PhD Proposal: Learning to fulfill natural language requests via communication with humans

Khanh Nguyen
01.14.2021 15:00 to 17:00


Despite their promising advantages, deploying natural language interfaces for automated agents is notoriously challenging because it requires training these agents to understand and generate natural language. For basic applications, these agents must be able to interpret requests specified in natural language and carry them out in situated environments. Despite the progress that has been made, machine learning-based agents have been shown to struggle with fulfilling high-level, under-specified requests in novel complex environments.In practice, these agents would be surrounded by humans, an immense source of knowledge. Unfortunately, they currently possess limited capabilities of leveraging human assistance to better accomplish tasks. In contrast, when humans encounter situations that are beyond their knowledge and skill levels, they can seek help from other humans in the same environment through various communicative acts such as asking clarifying questions, seeking additional instructions, or requesting feedback. My work aims to empower machine learning-based agents with similar capabilities.I propose two novel machine learning paradigms that enable agents to effectively and efficiently leverage language-based human assistance in fulfilling natural language requests. The first paradigm considers human assistance in forms of clarifying instructions. I present an algorithm to train agents to ask nearby humans for additional instructions when they get lost, and to interpret the instructions to make progress. The second paradigm, which is work in progress, is a general interactive learning framework that allows using language-based feedback to train request-fulfilling agents. I study a specific type of feedback called language activity description, which is a language utterance of a human teacher describing an agent’s execution of a request. The use of this new communication model gives rise to a new family of interactive learning algorithms that offer complementary advantages compared to traditional algorithms like imitation learning or reinforcement learning.Examining Committee:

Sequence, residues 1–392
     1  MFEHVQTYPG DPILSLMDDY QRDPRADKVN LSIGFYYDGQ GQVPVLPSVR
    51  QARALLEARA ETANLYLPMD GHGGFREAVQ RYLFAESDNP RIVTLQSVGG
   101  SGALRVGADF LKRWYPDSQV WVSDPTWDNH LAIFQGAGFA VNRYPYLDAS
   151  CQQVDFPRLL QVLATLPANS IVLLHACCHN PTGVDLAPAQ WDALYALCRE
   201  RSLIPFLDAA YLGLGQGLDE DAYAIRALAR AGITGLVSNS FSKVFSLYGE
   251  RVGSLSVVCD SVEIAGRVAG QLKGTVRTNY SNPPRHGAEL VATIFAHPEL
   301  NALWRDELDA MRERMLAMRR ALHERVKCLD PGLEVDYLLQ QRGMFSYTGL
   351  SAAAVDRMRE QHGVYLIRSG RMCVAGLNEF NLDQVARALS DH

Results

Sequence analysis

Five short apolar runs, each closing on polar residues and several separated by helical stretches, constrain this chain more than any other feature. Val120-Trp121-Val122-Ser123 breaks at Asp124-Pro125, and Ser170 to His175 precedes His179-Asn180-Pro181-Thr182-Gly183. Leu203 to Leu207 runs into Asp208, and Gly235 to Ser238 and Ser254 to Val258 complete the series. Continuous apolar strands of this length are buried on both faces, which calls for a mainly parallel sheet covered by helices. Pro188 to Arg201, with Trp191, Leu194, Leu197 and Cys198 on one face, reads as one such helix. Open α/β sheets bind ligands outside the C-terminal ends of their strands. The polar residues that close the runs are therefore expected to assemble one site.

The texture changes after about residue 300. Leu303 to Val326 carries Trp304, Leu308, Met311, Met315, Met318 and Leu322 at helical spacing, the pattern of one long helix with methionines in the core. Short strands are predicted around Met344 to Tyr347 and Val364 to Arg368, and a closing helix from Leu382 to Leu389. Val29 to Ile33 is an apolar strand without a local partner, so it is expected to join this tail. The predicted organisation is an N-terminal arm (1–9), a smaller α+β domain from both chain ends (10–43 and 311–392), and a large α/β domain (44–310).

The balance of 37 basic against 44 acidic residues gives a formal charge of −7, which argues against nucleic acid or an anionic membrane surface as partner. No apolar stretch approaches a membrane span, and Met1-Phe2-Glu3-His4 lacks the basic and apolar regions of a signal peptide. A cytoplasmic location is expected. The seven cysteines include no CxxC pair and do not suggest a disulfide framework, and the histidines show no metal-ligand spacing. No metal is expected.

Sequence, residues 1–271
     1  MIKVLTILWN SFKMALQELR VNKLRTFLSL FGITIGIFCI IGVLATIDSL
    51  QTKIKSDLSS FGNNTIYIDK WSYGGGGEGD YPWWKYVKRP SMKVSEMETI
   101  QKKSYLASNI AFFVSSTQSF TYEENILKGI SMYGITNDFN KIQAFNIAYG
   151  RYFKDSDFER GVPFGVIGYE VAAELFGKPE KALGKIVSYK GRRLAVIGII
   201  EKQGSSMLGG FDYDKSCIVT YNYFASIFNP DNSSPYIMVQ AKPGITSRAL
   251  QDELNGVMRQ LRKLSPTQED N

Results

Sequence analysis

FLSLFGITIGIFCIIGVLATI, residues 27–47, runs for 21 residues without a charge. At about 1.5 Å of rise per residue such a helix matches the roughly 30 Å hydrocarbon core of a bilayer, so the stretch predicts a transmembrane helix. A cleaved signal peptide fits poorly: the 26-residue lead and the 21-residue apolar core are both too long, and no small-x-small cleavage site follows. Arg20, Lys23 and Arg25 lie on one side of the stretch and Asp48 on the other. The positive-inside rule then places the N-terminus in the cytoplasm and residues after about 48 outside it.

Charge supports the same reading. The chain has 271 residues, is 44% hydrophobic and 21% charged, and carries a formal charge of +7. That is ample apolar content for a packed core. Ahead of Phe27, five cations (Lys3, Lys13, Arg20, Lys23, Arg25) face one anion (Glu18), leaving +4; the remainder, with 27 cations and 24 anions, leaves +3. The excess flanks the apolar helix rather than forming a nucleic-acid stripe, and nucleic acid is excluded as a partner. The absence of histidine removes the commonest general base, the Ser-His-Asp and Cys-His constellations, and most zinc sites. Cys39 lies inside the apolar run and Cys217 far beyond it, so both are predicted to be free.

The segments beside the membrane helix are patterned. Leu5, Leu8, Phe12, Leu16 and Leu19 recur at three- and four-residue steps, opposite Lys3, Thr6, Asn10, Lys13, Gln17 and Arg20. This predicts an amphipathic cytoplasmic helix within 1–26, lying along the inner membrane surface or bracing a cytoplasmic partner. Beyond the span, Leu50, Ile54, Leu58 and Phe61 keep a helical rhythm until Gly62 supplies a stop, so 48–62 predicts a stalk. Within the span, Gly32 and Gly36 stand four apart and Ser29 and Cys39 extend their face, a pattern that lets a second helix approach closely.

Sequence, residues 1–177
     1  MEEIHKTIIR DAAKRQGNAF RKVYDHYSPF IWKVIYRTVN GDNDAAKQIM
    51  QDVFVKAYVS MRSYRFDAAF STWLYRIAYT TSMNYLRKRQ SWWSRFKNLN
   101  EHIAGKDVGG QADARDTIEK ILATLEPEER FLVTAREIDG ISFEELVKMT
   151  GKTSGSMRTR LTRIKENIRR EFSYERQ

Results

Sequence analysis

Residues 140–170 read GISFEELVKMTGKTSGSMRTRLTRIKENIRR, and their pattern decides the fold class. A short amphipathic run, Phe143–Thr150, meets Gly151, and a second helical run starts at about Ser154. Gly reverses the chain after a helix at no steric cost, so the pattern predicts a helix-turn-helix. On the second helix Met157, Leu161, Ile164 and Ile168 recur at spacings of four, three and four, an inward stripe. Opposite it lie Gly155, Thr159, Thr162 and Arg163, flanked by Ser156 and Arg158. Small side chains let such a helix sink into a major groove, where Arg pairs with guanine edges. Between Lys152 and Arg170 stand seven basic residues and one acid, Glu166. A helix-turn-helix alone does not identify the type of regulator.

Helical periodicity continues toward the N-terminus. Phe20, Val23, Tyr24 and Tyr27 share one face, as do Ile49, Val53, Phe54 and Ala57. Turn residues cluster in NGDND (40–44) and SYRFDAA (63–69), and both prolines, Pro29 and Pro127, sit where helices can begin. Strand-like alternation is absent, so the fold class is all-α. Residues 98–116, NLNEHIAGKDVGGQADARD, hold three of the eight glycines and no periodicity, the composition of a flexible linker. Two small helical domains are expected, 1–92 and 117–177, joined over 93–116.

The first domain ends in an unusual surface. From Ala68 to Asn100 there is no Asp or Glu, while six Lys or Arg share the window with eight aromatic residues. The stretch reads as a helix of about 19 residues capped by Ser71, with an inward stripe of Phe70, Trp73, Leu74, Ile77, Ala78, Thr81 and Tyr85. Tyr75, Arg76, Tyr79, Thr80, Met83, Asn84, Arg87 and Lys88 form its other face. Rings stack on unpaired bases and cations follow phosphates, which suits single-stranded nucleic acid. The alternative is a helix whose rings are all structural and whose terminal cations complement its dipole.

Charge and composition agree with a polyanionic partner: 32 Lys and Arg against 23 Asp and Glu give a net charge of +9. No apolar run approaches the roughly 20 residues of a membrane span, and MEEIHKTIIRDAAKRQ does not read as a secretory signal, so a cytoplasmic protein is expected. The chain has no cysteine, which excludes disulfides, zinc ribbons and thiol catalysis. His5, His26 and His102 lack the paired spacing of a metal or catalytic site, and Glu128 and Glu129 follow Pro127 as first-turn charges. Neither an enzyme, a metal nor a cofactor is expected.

Chair: Dr. Hal Daumé III Dept rep: Dr. Tom Goldstein Members: Dr. Abhinav Shrivastava